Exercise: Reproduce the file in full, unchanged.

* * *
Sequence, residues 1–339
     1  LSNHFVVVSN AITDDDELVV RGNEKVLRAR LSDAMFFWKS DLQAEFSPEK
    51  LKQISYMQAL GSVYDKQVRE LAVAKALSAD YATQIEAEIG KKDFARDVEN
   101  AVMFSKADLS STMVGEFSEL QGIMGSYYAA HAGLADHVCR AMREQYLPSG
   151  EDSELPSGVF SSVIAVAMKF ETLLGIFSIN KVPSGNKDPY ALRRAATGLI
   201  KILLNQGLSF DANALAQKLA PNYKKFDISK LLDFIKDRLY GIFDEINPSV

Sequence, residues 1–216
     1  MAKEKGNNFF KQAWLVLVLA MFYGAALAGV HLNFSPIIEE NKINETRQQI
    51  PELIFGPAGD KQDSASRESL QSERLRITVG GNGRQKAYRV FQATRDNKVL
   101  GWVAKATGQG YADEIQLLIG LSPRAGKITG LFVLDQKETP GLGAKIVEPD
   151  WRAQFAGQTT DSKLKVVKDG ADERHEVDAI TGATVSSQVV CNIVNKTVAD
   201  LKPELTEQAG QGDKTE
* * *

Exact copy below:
Sequence, residues 1–339
     1  LSNHFVVVSN AITDDDELVV RGNEKVLRAR LSDAMFFWKS DLQAEFSPEK
    51  LKQISYMQAL GSVYDKQVRE LAVAKALSAD YATQIEAEIG KKDFARDVEN
   101  AVMFSKADLS STMVGEFSEL QGIMGSYYAA HAGLADHVCR AMREQYLPSG
   151  EDSELPSGVF SSVIAVAMKF ETLLGIFSIN KVPSGNKDPY ALRRAATGLI
   201  KILLNQGLSF DANALAQKLA PNYKKFDISK LLDFIKDRLY GIFDEINPSV

Sequence, residues 1–216
     1  MAKEKGNNFF KQAWLVLVLA MFYGAALAGV HLNFSPIIEE NKINETRQQI
    51  PELIFGPAGD KQDSASRESL QSERLRITVG GNGRQKAYRV FQATRDNKVL
   101  GWVAKATGQG YADEIQLLIG LSPRAGKITG LFVLDQKETP GLGAKIVEPD
   151  WRAQFAGQTT DSKLKVVKDG ADERHEVDAI TGATVSSQVV CNIVNKTVAD
   201  LKPELTEQAG QGDKTE